Analysis finds GM, Chrysler’s plans weak

July 16, 2009

Analysis finds GM, Chrysler’s plans weak

Car Wars report predicts high market share losses

BY TIM HIGGINS
FREE PRESS BUSINESS WRITER

General Motors and Chrysler, fresh out of bankruptcy, will remain challenged in the United States by relatively weak plans to bring new cars and trucks to market, according to an annual competitive analysis released Wednesday by Banc of America Securities-Merrill Lynch.

The report — called Car Wars — predicts:

 

  • GM’s market share losses "are likely to be greater than expected" because the company is not replacing its lineup as fast as the industry and key rivals.
  • Chrysler’s weak product pipeline is also "an ominous sign" and is expected to drive "significant market share losses." The report said Chrysler could be roughly half of its current size "within the next few years."

     

     

  • Ford — with a relatively strong replacement rate and lower average showroom age — could continue to pick up market share because of a strong product replacement rate over the next four years of an estimated 25%. "This appears to be a result of planning as well as the fortuitous stress at its two main competitors," Car Wars said.

     

    GM calls report simplistic, questions accuracy

    Less than a week after the new General Motors emerged from bankruptcy, the report says GM’s business assumptions are overly optimistic and further restructuring might be required.
     

    GM strongly disagreed with the report’s findings, criticizing the study as being overly simplistic and questioning its accuracy.
     

    "We understand that analysts get paid to try to predict the future. I would take you back two years to what all of the analysts were predicting about the economy, the car market, the housing market and ask them how they did," GM spokesman Tom Wilkinson said. "They get paid to predict the future, but that doesn’t necessarily mean they are going to be right."
     

    GM, which had a 22% market share ending last year, predicts its share will even out around 18%.
     

    However, the lack of new product in GM’s product pipeline over the next few years is expected to contribute to a further erosion of the Detroit automaker’s market share, the report said.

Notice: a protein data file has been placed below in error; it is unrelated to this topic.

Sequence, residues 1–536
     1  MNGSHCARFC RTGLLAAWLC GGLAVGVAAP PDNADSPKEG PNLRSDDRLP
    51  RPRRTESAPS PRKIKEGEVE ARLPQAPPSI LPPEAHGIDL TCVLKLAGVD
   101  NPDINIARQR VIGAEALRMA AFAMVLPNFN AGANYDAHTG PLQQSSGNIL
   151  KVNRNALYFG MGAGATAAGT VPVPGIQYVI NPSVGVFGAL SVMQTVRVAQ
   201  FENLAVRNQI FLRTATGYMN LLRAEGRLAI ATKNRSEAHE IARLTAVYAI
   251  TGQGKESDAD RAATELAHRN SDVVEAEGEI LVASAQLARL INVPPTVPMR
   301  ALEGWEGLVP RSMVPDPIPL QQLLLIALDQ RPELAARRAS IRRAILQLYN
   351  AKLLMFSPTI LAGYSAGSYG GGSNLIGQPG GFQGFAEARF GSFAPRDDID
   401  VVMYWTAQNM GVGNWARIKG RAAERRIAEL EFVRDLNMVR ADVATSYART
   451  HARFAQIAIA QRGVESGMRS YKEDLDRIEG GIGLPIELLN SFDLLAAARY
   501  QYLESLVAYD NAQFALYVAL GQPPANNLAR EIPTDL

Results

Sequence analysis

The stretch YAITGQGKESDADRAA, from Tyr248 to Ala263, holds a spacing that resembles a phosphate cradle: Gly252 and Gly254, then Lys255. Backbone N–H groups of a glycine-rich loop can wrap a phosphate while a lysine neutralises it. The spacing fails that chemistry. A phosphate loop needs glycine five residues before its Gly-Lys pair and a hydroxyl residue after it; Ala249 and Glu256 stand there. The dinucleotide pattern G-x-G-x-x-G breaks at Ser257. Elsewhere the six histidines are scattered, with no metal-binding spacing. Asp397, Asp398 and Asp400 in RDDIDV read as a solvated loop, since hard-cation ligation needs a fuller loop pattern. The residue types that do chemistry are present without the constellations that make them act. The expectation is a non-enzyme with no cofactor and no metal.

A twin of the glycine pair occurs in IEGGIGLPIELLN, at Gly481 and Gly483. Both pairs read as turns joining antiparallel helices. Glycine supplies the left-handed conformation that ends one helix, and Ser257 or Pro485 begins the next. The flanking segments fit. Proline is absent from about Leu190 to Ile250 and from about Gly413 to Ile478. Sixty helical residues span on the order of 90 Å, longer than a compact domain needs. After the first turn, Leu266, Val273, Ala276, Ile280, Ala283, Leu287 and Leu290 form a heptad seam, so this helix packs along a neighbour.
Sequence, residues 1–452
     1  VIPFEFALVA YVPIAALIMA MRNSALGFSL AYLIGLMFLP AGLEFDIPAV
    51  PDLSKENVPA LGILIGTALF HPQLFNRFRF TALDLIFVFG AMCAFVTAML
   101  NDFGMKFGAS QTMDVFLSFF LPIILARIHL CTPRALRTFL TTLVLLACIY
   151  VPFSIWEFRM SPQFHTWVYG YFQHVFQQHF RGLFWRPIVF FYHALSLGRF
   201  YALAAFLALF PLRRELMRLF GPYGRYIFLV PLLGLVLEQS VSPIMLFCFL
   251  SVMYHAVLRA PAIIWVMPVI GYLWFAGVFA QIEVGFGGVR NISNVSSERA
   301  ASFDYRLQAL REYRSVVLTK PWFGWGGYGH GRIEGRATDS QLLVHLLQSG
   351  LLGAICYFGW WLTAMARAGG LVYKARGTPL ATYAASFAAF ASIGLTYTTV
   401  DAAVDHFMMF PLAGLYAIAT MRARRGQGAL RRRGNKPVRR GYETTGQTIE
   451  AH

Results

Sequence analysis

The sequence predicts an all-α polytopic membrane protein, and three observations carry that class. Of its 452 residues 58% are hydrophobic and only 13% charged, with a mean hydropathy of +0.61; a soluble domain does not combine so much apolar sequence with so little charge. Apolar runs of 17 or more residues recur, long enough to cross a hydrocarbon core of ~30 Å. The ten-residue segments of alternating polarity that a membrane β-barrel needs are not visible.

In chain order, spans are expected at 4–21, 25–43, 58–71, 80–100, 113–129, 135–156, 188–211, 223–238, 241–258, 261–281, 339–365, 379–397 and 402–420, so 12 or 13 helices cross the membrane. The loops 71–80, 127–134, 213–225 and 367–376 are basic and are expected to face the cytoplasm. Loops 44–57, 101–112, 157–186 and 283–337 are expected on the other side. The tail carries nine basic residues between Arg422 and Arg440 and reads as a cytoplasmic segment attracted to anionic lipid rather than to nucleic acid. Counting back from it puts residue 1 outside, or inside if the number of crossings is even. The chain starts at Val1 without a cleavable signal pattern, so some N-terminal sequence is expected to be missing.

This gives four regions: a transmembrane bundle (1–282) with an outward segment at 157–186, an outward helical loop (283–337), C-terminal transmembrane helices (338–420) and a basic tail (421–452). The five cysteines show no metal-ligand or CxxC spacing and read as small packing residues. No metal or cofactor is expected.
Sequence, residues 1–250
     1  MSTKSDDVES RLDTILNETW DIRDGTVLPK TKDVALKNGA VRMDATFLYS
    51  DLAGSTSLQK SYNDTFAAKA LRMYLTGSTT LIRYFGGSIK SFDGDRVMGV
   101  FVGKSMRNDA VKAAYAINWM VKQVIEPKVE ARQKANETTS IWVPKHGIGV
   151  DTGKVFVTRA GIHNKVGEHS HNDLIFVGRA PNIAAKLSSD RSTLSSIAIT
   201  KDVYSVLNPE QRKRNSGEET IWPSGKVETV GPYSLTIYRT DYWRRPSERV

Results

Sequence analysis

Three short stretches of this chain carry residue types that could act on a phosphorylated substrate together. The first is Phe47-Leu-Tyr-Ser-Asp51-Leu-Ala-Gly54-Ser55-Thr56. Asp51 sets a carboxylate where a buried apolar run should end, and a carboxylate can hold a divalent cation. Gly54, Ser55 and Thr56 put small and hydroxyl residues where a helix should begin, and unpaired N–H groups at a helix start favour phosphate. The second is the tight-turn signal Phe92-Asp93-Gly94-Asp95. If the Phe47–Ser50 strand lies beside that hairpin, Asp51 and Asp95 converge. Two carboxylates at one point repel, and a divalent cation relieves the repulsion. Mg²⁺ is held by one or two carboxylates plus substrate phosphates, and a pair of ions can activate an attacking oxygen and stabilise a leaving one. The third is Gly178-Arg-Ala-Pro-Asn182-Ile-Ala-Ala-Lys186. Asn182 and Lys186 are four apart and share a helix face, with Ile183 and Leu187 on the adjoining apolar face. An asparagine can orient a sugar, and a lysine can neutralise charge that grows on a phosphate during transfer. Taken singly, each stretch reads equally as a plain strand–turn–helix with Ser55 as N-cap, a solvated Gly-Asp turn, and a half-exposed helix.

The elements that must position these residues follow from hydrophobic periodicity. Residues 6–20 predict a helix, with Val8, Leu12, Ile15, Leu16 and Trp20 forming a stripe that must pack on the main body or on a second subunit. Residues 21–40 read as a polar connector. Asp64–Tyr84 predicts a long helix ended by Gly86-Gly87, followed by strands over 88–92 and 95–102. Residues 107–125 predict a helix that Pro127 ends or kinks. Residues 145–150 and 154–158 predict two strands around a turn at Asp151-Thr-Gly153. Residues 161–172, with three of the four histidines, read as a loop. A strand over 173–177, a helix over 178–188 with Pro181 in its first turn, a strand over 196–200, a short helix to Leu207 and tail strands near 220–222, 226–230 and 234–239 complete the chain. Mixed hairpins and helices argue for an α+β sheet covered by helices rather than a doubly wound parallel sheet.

"This puts the market share target of 18-19% at jeopardy, which means that further restructuring actions may be necessary," said the report, whose lead author was analyst John Murphy. "We believe a more reasonable target would be 15-16%."
     

    The discrepancy of 3% means that GM would sell 500,000 fewer vehicles — or need about two fewer assembly plants — if U.S. consumers purchase 14 million cars and trucks, the report said.
     

    The Detroit automaker’s U.S. restructuring plan already includes cutting 27,000 jobs this year, closing 13 factories and shedding 2,400 dealers by the end of next year.
     

    GM has said the company is being restructured to break even with a U.S. sales market of 10 million vehicles.
     

    Wilkinson noted that GM’s future product pipeline is not made public and questioned the accuracy of assumptions used by Car Wars to make its findings.
     

    GM has said its key challenges over the next few years include product design and quality, as well as its ability to execute its brand reduction from eight to four and strengthen its dealer network by shedding underperforming stores.
     

    Industry analyst Erich Merkle, president of Autoconomy.com, disagreed, however, with the notion that further restructuring would be needed at GM if its market share predictions are wrong.
     

    "Even if their market share is a percentage point or two lower than they are expecting, they can still make it up because the … market will get a lift next year and into 2012," Merkle said.
     

    Last summer, Car Wars said Chrysler’s lack of product indicated that its parent company was trying to sell off the Auburn Hills automaker.
     

    A few months later, GM and Chrysler began negotiations about a merger, but those talks were set aside as the sales market plummeted and the companies began running into graver troubles.
     

    Both companies ultimately sought U.S. loans and eventually were restructured through federally-backed bankruptcies. Chrysler was acquired by Fiat.
     

    In the report, the forecasted product replacement rates at GM and Chrysler over the next four years — of 11% and 8%, respectively — ranked at the bottom of the industry.
     

    A Chrysler spokesman declined to comment on the report. "However, I can tell you we have no plans to be half our size in the future," spokesman Rick Deneau said in an e-mail.
     

    Ford Motor Co., meanwhile, was a star in the Car Wars report.
     

    The automaker is forecasted to replace 99% of its lineup of cars and trucks from 2010-2013, which will lead it to gain market share, the report said. Ford’s annual replacement rate of about 25% during that period is above its historical average of 15% and better than the industry average of 18%, too.
     

    In a separate report, Murphy wrote that the annual Car Wars study "bolsters our confidence in Ford."
     

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